Modern cars have dozens of ECUs. Nowadays there is typically a central ECU called Node0 running Linux. Try to keep things simple by doing as much as possible in Linux itself.
Botting fast is actually doing the things that need to be done fast early on - before the entire system is ready. In addition it has to have decent security.
There are regulatory reasons why some functionalities need to be available fast, but in general as a user you just want your car to be ready as soon as possible when you turn on the ignition.
Decent security means:
How to boot fast? Boot early, as soon as the car is opened. Suspend to RAM can be a lot faster, but you can’t rely on STR when the car is not used for weeks. However, STR allows you to get the entire system running very fast, while otherwise it’s only the critical systems that are up quickly. Hibernation instead of STR is not an option in automotive, it wears out the flash in less than 15 years.
Before Linux boots, the big chunk is taken by loading the kernel and verifying it (but that doesn’t slow down boot too much anyway; e.g. smaller keys don’t help much). There is already 1s gone there. Note that you can also do verified boot on the -M and -R microcontrollers.
Modern flash (eMMC) is pretty fast. UFS flash devices have several LUNs with different speed properties. The kernel however is going to create a separate block device for every partition in a UFS device. This takes some time to enumerate, especially with udev. Solution is to hardcode stuff in the kernel (because it’s not actually dynamic anyway).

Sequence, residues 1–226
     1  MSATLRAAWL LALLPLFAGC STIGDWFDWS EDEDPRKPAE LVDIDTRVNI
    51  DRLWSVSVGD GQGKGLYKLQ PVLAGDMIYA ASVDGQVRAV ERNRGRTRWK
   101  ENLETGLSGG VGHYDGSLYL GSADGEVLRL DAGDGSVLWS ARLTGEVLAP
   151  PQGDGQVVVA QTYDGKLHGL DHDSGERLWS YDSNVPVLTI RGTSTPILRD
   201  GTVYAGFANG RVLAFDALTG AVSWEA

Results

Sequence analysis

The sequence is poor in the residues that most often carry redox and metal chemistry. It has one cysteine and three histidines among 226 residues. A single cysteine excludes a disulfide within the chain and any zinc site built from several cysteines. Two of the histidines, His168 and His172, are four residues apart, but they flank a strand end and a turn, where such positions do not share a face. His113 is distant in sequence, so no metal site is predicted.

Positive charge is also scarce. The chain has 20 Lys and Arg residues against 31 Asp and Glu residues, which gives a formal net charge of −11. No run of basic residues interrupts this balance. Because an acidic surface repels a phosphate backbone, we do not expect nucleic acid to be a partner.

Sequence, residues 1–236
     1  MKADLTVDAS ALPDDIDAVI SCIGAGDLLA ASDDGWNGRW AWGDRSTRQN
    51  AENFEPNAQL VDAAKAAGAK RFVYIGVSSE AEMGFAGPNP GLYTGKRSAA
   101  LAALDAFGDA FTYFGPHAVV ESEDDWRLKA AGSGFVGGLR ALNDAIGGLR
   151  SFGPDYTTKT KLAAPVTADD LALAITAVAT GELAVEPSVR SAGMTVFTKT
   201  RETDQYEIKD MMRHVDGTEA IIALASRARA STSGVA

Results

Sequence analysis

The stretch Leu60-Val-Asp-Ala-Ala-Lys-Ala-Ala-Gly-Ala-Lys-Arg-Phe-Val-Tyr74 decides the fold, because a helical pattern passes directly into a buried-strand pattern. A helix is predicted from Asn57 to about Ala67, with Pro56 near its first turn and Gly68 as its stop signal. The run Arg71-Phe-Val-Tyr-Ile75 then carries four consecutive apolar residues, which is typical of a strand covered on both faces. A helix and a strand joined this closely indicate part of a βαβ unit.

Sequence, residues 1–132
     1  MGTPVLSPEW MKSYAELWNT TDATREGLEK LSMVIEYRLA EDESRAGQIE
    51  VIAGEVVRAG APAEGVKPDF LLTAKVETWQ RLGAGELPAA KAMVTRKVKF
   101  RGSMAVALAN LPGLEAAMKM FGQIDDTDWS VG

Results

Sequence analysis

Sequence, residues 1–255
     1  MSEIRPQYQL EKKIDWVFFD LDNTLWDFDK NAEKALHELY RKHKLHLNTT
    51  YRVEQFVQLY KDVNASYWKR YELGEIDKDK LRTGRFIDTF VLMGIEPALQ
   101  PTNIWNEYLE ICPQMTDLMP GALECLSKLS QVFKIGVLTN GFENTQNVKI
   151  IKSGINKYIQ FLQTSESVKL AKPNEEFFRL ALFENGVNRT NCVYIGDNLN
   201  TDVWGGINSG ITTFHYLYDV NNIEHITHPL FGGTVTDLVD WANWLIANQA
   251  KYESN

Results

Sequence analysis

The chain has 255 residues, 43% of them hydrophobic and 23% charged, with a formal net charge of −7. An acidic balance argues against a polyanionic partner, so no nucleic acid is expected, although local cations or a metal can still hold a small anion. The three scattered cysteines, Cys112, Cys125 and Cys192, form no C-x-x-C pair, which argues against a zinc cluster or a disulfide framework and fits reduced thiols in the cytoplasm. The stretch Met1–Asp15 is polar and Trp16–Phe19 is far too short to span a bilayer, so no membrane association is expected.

Boot ROMs in many SoCs support A/B boot from Boot LUNs based on a register.
To make the kernel load fast, move everythng you can to modules. RAM hotplugging helps as well - start with less RAM for booting, add the rest later. Scheduler and freq scaling have an impact. Also big.little - you want to put things as much as possible on the large cores at boot. WALT vs. PELT.
For verifying the rootfs, they copied what Android does. All r/w partitions are noexec, and all exec partitions use dm-verity. AVB2 format from Android. dm-verity also allows you to skip module and firmware signing (because they’re already verified by dm-verity) so this speeds up module and firmware load a little. Of course need to restrict module and firmware loading to that partition.
For trustzone, an arbitration daemon is needed, so you need that to be started before you can do things. And that one depends on a bunch of other things which are slow to start. OP-TEE itself is relatively quick to load though even though it steals CPU cycles from the kernel boot. ARM Systemready will standardize how the boot process is done which is going to make this work easier to interoperate between SoC vendors.
Systemd is very flexible. They added an
early.target that runs before
sysinit and even udev. This allows you to get some userspace up and running very early. Of course, those application need to have really minimal dependencies. Some things that need to be in there is dbus, basic hardware information, systemd-networkd, a bunch of startup devices (since udev is not ready yet).
udev is tricky. Replay of coldboot events is unpredictable. It’s also tricky to prioritize the triggers. You also want to avoid re-triggering events. They contributed a number of patches to udev, but it’s hard to make them generic.
They use a lot of containers. They are normally not really part of the strict boot time requirements, but still for full functionality. They compared LXC with different podman-based solutions and LXC is just a lot faster to boot. They are however missing orchestration features.